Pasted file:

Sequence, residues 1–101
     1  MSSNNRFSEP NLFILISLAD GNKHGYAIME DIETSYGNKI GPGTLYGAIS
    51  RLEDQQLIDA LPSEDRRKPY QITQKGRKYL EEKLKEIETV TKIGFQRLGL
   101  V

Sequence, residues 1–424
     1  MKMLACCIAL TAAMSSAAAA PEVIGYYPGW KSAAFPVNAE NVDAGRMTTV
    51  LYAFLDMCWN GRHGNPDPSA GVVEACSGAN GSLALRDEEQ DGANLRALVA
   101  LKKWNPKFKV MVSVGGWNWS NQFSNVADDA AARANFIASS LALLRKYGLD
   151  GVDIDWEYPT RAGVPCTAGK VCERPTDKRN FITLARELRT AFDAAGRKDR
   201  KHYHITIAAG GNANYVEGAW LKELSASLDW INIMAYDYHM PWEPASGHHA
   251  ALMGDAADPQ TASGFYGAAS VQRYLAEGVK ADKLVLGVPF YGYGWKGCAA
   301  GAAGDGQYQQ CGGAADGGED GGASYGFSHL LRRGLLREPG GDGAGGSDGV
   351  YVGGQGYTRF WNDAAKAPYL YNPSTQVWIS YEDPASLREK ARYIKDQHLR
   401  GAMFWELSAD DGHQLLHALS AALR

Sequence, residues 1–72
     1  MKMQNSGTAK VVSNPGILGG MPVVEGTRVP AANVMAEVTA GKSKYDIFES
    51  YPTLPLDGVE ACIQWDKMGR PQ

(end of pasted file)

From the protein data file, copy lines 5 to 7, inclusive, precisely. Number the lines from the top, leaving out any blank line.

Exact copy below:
Sequence, residues 1–424
     1  MKMLACCIAL TAAMSSAAAA PEVIGYYPGW KSAAFPVNAE NVDAGRMTTV
    51  LYAFLDMCWN GRHGNPDPSA GVVEACSGAN GSLALRDEEQ DGANLRALVA